Flickr also has some neat facilities, for uploading photos on the go. First they have a mobile phone oriented web portal, which is text oriented and cuts the bandwidth drain. It does let you use the web interface to upload from your cameraphone, but there is a better way. Flickr automatically generates an "private" email address, to which you can send photos and they will be automatically added into your photostream. You can also have the text and photo forwarded onto your blog (on a variety of common blogging system, including blogger, and live journal)
Photobucket, also has a similar "private" email service and the ability to share your albums into myspace and facebook as well as popular blogging sites.
Sunday, October 07, 2007
The combination of big swell and king tides, that correspond with the full moons in spring, has literally eroded scarps over two meters high along the beach in several places at Venus Bay, but beaches are dynamic places and seasonal changes are normal. The sand is actually being sweep back and forth along the beach giving the beach is long sweeping shape.
The bigger erosion risk for the beach are blowouts, caused by wind and clearing of vegetation in the dunes behind the beach.
Saturday, October 06, 2007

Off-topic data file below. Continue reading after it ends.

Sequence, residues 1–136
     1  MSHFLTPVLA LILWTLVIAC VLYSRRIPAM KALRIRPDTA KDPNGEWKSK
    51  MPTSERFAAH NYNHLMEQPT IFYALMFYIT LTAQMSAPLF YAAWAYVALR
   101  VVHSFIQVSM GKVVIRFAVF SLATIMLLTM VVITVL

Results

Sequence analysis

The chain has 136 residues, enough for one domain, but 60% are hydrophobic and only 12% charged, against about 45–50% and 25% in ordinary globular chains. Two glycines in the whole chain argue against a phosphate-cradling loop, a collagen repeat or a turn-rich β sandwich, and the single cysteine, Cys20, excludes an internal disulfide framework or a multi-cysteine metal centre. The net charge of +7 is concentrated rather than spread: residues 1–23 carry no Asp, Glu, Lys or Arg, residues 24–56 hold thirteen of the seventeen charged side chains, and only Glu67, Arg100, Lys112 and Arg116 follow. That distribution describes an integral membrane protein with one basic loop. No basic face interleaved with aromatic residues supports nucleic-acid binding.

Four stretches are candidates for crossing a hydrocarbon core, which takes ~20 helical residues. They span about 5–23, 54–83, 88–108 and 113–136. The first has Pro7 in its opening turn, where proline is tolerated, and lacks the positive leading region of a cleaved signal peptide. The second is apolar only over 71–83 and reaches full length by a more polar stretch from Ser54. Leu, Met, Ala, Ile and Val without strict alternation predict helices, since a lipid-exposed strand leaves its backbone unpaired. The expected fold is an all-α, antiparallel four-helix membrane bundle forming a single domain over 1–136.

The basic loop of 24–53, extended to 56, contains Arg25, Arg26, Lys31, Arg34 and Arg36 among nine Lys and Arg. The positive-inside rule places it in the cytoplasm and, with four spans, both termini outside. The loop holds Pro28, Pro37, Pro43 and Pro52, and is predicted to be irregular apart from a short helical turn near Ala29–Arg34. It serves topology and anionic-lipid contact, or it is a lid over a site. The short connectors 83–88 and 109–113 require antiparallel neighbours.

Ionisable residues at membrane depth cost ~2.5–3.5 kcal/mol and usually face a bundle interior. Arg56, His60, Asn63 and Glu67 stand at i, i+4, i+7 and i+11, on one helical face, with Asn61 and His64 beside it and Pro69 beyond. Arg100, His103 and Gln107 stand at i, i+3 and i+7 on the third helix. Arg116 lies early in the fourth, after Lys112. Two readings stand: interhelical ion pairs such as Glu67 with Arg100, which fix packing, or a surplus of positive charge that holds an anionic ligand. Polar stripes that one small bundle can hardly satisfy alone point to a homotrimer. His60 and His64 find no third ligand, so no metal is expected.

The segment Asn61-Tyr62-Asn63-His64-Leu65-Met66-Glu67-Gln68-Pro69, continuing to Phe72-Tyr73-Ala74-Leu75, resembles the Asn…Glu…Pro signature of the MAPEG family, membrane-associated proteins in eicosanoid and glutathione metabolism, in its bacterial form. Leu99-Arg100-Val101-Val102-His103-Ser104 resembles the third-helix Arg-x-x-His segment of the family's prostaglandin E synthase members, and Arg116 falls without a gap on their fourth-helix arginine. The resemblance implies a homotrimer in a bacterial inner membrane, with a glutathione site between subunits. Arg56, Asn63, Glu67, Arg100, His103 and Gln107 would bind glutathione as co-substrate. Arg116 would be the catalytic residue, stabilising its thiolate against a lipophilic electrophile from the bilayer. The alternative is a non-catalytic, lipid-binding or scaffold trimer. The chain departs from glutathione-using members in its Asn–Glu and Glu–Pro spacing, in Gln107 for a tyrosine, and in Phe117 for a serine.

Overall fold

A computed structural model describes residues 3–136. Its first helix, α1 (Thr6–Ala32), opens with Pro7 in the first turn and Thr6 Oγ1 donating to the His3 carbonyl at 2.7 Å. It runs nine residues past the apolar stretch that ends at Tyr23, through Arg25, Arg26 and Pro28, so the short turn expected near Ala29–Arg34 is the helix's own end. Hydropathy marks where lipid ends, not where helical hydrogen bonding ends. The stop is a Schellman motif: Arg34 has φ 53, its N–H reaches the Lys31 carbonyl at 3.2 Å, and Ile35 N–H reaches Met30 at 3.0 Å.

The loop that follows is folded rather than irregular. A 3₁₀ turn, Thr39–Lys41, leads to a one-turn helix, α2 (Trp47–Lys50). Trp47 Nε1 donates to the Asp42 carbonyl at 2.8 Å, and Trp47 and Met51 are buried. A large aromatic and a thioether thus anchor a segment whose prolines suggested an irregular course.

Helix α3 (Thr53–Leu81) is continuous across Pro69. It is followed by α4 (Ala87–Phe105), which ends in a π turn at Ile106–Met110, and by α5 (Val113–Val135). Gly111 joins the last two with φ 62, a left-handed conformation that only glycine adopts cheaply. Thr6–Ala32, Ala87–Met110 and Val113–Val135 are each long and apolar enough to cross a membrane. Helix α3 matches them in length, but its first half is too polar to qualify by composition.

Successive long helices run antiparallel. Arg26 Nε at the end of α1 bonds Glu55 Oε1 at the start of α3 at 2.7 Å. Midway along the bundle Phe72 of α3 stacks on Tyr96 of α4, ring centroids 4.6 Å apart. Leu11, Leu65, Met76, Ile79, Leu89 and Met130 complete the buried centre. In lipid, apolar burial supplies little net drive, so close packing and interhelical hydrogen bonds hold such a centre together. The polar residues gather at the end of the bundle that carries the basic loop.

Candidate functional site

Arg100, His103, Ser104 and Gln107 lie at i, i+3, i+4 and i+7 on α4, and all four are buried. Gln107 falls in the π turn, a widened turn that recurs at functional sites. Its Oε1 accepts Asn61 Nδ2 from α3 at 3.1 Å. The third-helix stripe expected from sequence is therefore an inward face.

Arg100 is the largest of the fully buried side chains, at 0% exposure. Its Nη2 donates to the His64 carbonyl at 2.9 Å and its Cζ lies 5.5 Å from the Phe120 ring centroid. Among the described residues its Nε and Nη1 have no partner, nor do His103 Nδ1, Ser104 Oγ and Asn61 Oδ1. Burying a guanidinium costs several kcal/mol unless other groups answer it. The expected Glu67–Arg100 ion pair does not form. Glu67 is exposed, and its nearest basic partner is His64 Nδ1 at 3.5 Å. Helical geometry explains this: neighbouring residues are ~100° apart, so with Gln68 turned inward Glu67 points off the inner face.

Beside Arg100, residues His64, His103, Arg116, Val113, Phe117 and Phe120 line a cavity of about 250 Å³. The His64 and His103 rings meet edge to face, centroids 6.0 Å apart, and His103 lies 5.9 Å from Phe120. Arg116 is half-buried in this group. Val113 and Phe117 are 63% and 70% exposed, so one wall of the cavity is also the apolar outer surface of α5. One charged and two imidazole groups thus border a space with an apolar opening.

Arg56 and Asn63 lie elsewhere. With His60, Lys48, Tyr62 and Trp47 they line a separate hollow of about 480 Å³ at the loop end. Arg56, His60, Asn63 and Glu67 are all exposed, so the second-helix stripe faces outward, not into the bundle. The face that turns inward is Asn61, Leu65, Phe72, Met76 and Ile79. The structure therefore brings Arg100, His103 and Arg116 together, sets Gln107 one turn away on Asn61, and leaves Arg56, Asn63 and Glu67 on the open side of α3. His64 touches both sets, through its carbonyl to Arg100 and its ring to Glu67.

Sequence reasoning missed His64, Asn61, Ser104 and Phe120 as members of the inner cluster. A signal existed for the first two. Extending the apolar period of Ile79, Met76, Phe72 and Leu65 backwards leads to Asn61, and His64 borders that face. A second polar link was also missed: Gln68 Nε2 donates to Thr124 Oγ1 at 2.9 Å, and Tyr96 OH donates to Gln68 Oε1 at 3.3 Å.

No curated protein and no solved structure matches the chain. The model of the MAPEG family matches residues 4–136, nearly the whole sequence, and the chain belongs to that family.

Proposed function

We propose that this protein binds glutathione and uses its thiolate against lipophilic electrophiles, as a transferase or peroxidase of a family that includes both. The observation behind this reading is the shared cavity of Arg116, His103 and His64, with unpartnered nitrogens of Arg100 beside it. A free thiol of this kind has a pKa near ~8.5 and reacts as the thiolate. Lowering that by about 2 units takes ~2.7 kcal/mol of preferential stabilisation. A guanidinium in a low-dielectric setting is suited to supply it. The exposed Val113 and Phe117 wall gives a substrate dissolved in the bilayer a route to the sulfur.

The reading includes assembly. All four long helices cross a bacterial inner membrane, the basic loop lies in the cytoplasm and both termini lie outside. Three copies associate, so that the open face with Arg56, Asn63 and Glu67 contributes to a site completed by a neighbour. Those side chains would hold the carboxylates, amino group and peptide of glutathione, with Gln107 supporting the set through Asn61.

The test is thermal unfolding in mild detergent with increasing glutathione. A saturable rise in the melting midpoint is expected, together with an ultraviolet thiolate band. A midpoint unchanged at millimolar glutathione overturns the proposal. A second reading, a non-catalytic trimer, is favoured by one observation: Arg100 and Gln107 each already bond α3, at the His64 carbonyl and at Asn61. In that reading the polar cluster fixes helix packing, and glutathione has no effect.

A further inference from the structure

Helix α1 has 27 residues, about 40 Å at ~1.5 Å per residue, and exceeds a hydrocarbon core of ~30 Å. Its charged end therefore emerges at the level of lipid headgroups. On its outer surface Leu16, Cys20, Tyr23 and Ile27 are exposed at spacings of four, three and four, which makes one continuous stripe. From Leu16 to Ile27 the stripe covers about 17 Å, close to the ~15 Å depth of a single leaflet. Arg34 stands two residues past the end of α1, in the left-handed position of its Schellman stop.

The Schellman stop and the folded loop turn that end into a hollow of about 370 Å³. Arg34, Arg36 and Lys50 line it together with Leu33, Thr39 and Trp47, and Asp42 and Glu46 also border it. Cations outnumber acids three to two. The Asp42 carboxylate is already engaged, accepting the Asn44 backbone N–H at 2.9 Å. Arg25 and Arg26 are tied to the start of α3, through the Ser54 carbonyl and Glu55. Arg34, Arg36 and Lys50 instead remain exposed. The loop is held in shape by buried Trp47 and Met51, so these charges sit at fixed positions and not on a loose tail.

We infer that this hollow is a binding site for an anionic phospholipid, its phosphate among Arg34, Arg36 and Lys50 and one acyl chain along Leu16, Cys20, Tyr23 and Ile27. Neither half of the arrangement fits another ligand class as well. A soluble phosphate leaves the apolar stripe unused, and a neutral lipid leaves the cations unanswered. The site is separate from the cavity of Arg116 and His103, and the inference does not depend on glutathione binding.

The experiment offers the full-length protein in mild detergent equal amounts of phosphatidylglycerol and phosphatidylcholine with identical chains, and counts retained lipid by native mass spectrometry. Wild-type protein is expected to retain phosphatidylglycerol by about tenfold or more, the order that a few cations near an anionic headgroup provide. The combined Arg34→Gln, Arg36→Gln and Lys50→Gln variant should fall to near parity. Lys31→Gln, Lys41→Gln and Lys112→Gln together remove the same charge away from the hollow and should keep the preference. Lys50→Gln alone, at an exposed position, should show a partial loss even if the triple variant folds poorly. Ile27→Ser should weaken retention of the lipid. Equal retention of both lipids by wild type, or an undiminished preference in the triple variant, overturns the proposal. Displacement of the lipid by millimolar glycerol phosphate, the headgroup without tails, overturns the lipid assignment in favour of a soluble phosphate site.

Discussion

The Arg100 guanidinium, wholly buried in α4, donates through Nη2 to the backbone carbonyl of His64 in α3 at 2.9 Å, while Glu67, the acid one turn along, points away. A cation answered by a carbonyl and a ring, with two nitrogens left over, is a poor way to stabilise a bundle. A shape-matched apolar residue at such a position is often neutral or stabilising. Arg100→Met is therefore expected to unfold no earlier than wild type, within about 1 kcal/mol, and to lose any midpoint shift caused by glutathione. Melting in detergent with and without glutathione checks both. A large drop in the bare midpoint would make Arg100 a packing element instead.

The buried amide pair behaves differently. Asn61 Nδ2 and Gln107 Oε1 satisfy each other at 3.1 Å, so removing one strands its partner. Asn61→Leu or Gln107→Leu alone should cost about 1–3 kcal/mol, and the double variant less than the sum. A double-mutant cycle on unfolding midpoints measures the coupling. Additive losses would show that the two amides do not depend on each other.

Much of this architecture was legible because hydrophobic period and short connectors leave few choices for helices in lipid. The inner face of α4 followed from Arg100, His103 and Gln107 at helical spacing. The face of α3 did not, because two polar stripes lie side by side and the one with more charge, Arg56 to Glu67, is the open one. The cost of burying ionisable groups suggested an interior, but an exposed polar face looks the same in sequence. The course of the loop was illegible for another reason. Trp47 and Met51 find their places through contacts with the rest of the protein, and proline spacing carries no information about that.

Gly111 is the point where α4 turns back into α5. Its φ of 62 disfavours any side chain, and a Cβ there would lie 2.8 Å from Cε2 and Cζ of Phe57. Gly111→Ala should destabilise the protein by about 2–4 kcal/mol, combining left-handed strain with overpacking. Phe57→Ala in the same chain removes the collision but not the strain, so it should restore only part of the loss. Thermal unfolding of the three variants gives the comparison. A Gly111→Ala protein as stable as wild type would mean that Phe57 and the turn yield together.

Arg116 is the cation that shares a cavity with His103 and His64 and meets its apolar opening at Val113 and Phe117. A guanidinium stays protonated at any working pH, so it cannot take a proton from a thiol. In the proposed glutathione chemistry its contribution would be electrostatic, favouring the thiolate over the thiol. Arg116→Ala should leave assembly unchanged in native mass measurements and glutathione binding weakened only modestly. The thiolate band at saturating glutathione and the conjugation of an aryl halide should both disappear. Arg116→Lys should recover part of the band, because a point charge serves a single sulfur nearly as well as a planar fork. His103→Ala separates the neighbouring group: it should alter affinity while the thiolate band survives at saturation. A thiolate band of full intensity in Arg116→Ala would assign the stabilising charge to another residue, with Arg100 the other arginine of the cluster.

My field trip around the Venus Bay Peninsular and Andersen Inlet, was very successful in that it was well supported. Whilst the purpose was to see evidence of the importance of understanding sea level rise and its influence on the development of ecology and landforms, I was abruptly reminded of the power of the sea and specifically recent king tides. The mangroves in the photo below, used to illustrate my notes, have gone and the site I had visited only 5 weeks before showed significant (several meters of) erosion.
click here to download my notes for the field trip "Some Thoughts on The Recent Geomorphological Development, in the Venus Bay Area, related to Sea Level Rise."
Thursday, October 04, 2007
A 500 MB memory stick is cheap these days and may be better and more flexible way to backup of photos while traveling, yet it doesn't give you the ability to instantly share, with good control over who too, or give protection should you and/or your luggage have an accident, get damaged, stolen, any of a thousand mishaps. Remember the memory stick will be there with you or in your luggage, and probably suffer the same fate. Memory sticks are also notoriously easy to loose.
On-line storage systems give you an instance off-site backup, but if 500 MB is not big enough you could consider the formal on-line backup systems like Mozy (which offers 2GB free) or Carbonite ( with has a 15day free trial), both offer unlimited storage at reasonable monthly fees. However both require a piece of downloaded software to run on your computer, are easy to automate and probably require a decent broadband connection. Sky Drive on the other hand can be accessed from any cybercafe or "free" (and thus slow) wireless hotspot on an ad-hoc "need to use" basis.